“You look far too young to be so stressed about working.”  The waitress then came back to the table and set the chocolate milkshake in front of Dylan.  She pulled a straw out of her apron and placed it by the milkshake.

“Can I get you anything else?” the waitress asked, seemingly tired.

The old man smiled politely and replied, “No.  That’s all.”  The waitress walked back to the bar and began wiping down the counter.  “You should drink that while it’s still thick.”

“I didn’t want this,” Dylan said rudely.  “Don’t ask me to drink this when I never asked you to come over here, pester me, and order me a milkshake like I’m five-years-old.”

“Don’t be rude, Dylan.  You never know who you might be talking to,” the old man said firmly.

Dylan’s face went white.  How did this old, crazy man know his name?  Did Dylan actually know him from somewhere?

The old man laughed making his wrinkles more prominent.  “Don’t look so frightened, Dylan.”

“Do I know you?” Dylan whispered.

“You do now.”  Dylan sat back in the booth and ran his fingers through his brown hair, trying to wrap his head around what was happening.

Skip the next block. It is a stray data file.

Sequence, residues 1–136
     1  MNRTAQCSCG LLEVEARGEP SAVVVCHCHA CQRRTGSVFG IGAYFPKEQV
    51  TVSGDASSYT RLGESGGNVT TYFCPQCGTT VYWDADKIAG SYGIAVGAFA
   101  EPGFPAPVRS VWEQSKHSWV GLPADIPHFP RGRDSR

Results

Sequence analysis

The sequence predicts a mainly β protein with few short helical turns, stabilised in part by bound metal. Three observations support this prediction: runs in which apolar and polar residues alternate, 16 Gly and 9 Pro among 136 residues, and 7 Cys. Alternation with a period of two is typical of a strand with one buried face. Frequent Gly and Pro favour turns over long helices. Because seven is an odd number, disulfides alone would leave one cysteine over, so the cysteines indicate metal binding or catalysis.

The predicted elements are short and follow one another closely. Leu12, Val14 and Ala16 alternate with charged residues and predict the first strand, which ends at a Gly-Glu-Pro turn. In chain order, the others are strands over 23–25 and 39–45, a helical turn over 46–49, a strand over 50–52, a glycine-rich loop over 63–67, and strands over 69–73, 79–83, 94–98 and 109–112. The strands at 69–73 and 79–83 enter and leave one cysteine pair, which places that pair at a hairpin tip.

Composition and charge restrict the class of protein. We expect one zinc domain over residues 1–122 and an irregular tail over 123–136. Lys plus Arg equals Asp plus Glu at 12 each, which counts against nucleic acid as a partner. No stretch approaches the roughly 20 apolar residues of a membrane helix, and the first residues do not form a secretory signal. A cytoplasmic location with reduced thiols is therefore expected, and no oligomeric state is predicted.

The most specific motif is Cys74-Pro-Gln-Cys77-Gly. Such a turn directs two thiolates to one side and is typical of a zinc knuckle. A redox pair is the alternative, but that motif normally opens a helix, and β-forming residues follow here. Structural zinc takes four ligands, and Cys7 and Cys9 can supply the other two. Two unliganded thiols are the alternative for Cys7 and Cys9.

“How do you know my name?” The butterflies in Dylan’s stomach churned.  He fidgeted nervously.

“Want to know a secret?” Dylan just stared at him with nervous, confused eyes.  “You were supposed to die tonight.”  Dylan’s heart skipped a beat and his stomach felt like it had dropped right out of him.  “But plans changed and here we are.”  The old man reached around the booth to grab his coffee from the other table.  He took a sip nonchalantly; they were just having a pleasant conversation.

“So what, you were going to kill me?” Dylan braved the question.

“Oh, no, Dylan.  That’s not my job.”

Dylan fidgeted with the untouched milkshake in front of him; his fingers traced patterns through its condensation.  His eyes were locked onto the old man’s invasive ones.

“I told you before, Dylan, you have nothing to be afraid of.”

“You told me that I was supposed to die and you expect me to be peachy about that?”

“No, I thought that I would give you a…a sort of warning, you could say.”

“What do you mean a warning?”

“A warning to live a fuller life.  You’ve been given a second chance; I am merely pointing this out to you.  I could have left you alone, but instead, I decided to warn you.  Take it or leave it, it’s up to you.”

Dylan gazed at the old, unidentified man, horrified at what this man was referring to.  After a minute of silence, Dylan stood up from his booth and held out his hand to the old man.

“Can I have my coat, please?”  Dylan’s hand shook ever so slightly like little earthquakes of fear were rippling through him.

The old man handed Dylan the coat and as Dylan grabbed it, the old man held on a second longer and said, “The next time you see me, Dylan, there will be no second chance.”  The old man released the coat and Dylan hurriedly walked out of the diner towards his one bedroom apartment.